PASADENA, Calif. — The beat is back at the Pasadena Playhouse where the theater is exploding with music, energy and color. The company isn’t just performing the musical “Head Over Heels” — they are rolling out a shimmery welcome mat.

What You Need To Know

  • "Head Over Heels" features the music of the all-girl LA-based band the Go-Go's
  • The stage at Pasadena Playhouse has been completely transformed, with a brightly colored dance floor built over the orchestra seats
  • Cast includes Alaska 5000, Lea DeLaria, George Salazar and Emily Skeggs
  • The show begins previews on Nov. 9 and runs through Dec. 12

“A big colorful interactive way to say thanks for leaving your house,” Sam Pinkleton said. 

Pinkleton and Jenny Koons are the co-choreographers and co-directors of this reimagined production — the “Co-Co-Cos” as the cast calls them. Although it features the infectious music of the Go-Gos, the story is not about the iconic LA-based all-girl band. The plot is a celebration of gender identity, acceptance and love.  

Originally scheduled for Nov. 2022, “Head Over Heels” just felt like the right way to bring life and light and audiences back into the space. 

“Everybody’s had a hard year,” Pinkleton said, “and we really hope that this is a great time for people and a reminder that gathering in a space with other human beings…there’s nothing like it.”

Lea DeLaria, who plays King Basilius, agrees. 

“Let’s face it, humans are herd animals, we don’t like to like to be alone,” Basilius said. “That’s a fact.”

Wearing a crown and chomping on a fake cigar, DeLaria is clearly in her element. “You know, ‘Heaven is a Place on Earth’!” she beamed. “I have never been so happy to be in a play and on stage again.” 

Although this is hardly your traditional stage. The theater has been physically turned topsy-turvy. What was normally the proscenium stage now holds rows of seating and a large set/dance floor was built right on top of the orchestra seats. Audiences choose if they want to sit on stage or in the balcony – or not at all.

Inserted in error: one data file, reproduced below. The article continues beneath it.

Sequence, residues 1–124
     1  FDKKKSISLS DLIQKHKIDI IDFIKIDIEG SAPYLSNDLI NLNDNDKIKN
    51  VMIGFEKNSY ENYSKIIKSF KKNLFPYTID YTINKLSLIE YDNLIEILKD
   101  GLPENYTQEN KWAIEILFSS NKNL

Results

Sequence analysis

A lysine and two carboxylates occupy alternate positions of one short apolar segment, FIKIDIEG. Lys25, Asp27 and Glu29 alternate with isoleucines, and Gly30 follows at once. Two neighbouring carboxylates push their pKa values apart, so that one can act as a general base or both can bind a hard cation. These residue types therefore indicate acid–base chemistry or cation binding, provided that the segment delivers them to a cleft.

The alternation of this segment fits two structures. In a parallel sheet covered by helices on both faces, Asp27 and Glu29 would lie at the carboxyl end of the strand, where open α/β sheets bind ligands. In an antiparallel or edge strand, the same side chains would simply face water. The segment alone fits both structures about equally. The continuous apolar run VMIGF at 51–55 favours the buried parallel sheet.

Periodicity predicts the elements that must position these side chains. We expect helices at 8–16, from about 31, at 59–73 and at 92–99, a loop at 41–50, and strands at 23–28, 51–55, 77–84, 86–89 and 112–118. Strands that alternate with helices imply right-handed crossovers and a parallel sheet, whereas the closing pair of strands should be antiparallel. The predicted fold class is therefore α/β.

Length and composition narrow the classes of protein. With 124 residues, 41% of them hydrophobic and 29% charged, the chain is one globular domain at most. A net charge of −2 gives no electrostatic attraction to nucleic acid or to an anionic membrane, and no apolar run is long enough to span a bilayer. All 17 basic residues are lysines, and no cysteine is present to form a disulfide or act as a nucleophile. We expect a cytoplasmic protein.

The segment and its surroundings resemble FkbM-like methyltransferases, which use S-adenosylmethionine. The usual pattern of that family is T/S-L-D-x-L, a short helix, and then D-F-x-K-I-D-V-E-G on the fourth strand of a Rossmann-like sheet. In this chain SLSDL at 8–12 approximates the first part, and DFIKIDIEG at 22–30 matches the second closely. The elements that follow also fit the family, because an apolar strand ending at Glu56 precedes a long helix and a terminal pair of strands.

“If you really want to be involved, you can be down on that dancefloor dancing,” DeLaria said. “I think that after the COVID of it all, I know I’m going to be grabbing audience members and dancing with them.”

The actress, who is one of the stars of "Orange is the New Black," has been breaking ground as an LGBTQ comedian and performer since the ‘80s and continues to do so. Even in this show about gender expression, she plays what was originally a male role.

“I never in my wildest dreams thought that I would see ‘Pose,’ ‘Orange is the New Black,’ ‘The Prom’ that was on Broadway,” DeLaria said. “It furthers not just the queer community, but it speaks to any of the disenfranchised people that are out there. It’s like I’ve died and gone to lesbian feminist heaven.”

DeLaria says she plays her king in drag. Her queen, Gynecia, is played by Alaska 5000, who won the second season of “RuPaul's Drag Race All-Stars.” 

“I think ‘Head Over Heels’ as a musical was on the forefront of ‘let’s think about gender in a different way,’” she said. “‘Let’s think about casting in a really unique and progressive and diverse way.’ And so this production is, like, taking that and 2021-ing it even further.”

And that includes off stage as well. George Salazar, who starred in the Playhouse’s production of “Little Shop of Horrors,” has been very vocal on social media over the past 20 months, calling for more BIPOC representation in all levels of theater-making.

“I really don’t want to see all-white creative teams and casts for things, even if it’s just a short video for the internet,” he tweeted in April. “Why are you all slipping back into old habits like the past year didn’t happen?”

At his very first meeting for “Head Over Heels,” he made a point of asking the creative team about the designers involved in the project. “Because on stage we can cast a beautiful rainbow of people of all backgrounds and all experiences, but what are we doing behind the scenes,” he explained.  

He’s not only satisfied with the level of representation among this cast and crew, but he’s also thrilled by it. “We’ve woven a fabric here that is the quilt of my dreams,” Salazar said. “This is the type of theater that the rest of the world should be making. I think we are honoring all the things that I was screaming about on social media.”

For Jenny Koons, she hopes the world they’ve created on stage is reflected in the crowd. “Head Over Heels” is a welcome for all.

“And that means long-time Pasadena subscribers and 18-years-old who have never set foot in a theater,” she explained, “and can we imagine that world as the world we are moving into as we all start to reopen our institutions.  

“We think of ourselves like this,” Pinkleton said, one eye peeking through a very narrow space between his tensely held hands, “and the show asks for people to think of themselves and the people around them and the room around them in a much bigger way. And that is, I think, a wish that we have for the show, and a wish that I think we have for the world.”

The show is “A Vision of Nowness,” as the Go-Go’s sang, or at least what they believe now can be. 

“Head Over Heels” begins previews on Nov. 9 and runs through Dec. 12.